In a transportation environment flush with capacity, these requirements would represent a challenge to shippers and their transportation providers. However, in today’s current market, characterized by historically high load-to-truck ratios, the issue becomes more acute. It is precisely because of those current capacity constraints that, perhaps counter-intuitively, early shipments have emerged as the more serious potential stumbling block for shippers.

It all boils down to load balancing. For example, a shipper may be expecting to deliver five full truckloads into a specific Walmart location in a given week. Walmart, however, may order all five truckloads to deliver on a single day. Now, a carrier that could handle five truckloads in a week is being asked to deliver all five in the same day, which can create a capacity challenge. As a result, some carriers will attempt to spread the capacity needs by picking up their loads early, however, this can lead to drivers arriving early to their Walmart appointment. This scenario runs the risk of the load being noncompliant and subject to costly fines, as Walmart will allow for, and then penalize, early deliveries.

Given their nationwide presence and scale, Walmart is often a shipper’s largest customer. Therefore, even a slight increase in demand versus forecast could mean substantial incremental volume. Building out contingency plans for waterfall capacity alternatives or overflow volume could save a shipper substantial dollars instead of having to utilize the spot market in tight timelines.

That being said, load balancing and planning only addresses the “On-Time” part of the OTIF policy. It is also critical for shippers to understand how the “On-Time” and “In-Full” requirements are intertwined. For example, while the On-Time equation is binary (i.e., a shipment is either on-time or it’s not), the fill rate metric can be partial. As a result, as the compliance window tightens, shippers are incentivized to “cut and ship” rather than waiting for production lines to complete lagging runs, or for inbound deployment loads to arrive. It may also require expediting of raw materials or inbound loads in order to ensure subsequent shipments to Walmart are on-time compliant, which can inflate overall logistics costs even as compliance fines are mitigated.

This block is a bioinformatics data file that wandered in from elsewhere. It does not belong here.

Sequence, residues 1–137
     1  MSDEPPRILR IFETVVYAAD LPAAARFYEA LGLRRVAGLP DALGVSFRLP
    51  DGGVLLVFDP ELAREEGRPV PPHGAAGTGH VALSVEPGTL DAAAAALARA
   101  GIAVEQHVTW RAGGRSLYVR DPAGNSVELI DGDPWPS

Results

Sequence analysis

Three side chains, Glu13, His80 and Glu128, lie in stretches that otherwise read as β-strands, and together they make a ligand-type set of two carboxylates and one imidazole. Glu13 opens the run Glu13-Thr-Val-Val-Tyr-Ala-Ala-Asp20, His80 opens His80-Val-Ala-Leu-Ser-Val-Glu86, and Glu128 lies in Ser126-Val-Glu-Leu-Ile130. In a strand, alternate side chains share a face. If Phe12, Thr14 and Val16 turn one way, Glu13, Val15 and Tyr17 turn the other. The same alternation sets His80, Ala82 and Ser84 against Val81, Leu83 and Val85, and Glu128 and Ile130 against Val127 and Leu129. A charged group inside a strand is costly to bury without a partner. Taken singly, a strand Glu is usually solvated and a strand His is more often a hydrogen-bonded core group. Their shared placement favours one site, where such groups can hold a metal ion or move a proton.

How can shippers mitigate the risk and improve their on-time, in-full delivery?
  • Plan capacity needs on a daily and weekly basis: While challenging, working with your 3PL or carriers to anticipate future capacity needs and to develop contingency plans for volume surges can help you stay one step ahead of the game.
  • Increase communication with your 3PL and/or carriers: The forward planning mentioned above is only possible when there is a free flow of communication between shippers and their 3PL and/or carriers. Shippers should be proactive and transparent in communicating their priorities and challenges so their providers can be better positioned to help.
  • Seek out expert help: At the risk of stating the obvious, one of the best approaches for shippers that are being challenged by the new OTIF requirements is to work with a 3PL that has intimate knowledge of the OTIF policies, relationships with experienced and vetted carriers, and access to Walmart’s scheduling tools. In addition, 3PLs can provide access to technology that delivers critical business insights.
  • Keep your eye on the clock: Ensure that drivers have adequate HOS in the event that they arrive early for a delivery and must wait until the appointed delivery window to open.